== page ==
Curated by the NZ On Screen Team
Snow collects together titles celebrating the scenic, recreational and spiritual call of New Zealand's mountains and ice. They include retro ski classics Flare and Off the Edge, Sir Ed saga Kaipo Wall, and NZ's first Oscar nominated film Snows of Aorangi. The collection features everything from ski ballet, Middle Earth glaciers and mountain parrots, to polar ice-fishing.
From Māori myth to climbing and photography, to gliding around its iconic peak, Aoraki-Mt Cook is vividly captured in this Wild South award-winner. Footsteps re-enacts Tom Fyfe's pioneering route; Sir Ed reminisces about encounters with the mountain; and skier Bruce Grant takes the fast way down.
This mountain film fest award-winner follows NZ mountain guide Shaun Norman, US telemark champ Whitney Thurlow and German Babette Bodenstein, as they cross the Southern Alps in free heel skis. A 2,000m haul up to Graham Saddle is rewarded with sweet spring snow skiing and cheesecake at Alma Hut.
This film uses substantial archive footage to comprehensively trace the history of NZ skiing and winter sports. From Mannering and Dixon, who used homemade skis in an almost-successful ascent of Mt Cook and the hut-building pioneers of recreational ski clubs, to commercial ski fields and lifts.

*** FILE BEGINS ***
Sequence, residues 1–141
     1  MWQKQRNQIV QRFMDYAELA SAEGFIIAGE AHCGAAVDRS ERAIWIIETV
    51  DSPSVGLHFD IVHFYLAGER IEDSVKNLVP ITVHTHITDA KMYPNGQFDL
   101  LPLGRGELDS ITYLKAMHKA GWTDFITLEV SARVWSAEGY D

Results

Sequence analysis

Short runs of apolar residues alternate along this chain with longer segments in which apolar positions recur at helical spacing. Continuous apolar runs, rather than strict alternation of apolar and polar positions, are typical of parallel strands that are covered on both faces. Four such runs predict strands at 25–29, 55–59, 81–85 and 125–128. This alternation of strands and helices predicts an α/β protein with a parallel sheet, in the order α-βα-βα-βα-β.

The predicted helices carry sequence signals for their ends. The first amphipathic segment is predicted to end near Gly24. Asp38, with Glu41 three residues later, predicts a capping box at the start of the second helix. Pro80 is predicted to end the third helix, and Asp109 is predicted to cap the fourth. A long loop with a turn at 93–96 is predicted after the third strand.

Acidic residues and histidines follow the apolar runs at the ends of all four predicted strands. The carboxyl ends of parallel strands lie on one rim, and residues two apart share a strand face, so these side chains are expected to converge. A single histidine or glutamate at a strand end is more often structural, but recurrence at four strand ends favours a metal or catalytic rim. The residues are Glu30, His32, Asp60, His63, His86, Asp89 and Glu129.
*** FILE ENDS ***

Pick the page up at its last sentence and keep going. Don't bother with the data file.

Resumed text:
This doco follows a Southern Alps ‘grand slam’ ski series for local and off season northern skiers, organised by Coast to Coast impresario Robin Judkins. Après-ski competing there's a springtime descent down Mt Taranaki. It wouldn't be Kiwi skiing without kea, and the discipline of the inner tube.
In this fifth episode of the early 80s outdoor ed series, legendary climber Graeme Dingle teaches the basics of alpine travel to a team of young Kiwis: traversing and belaying on the slopes of Mt Ruapehu. There’s an igloo build, self arrest practice, and ultimately, a summiting of the volcano.
New Zealand's relationship with Antarctica and the explorers and scientists who went there is the focus of this episode in The Years Back series. The defiant Sir Edmund Hillary-led 50s polar tractor dash is shown, as well as footage of epic Robert Falcon Scott and Ernest Shackleton expeditions.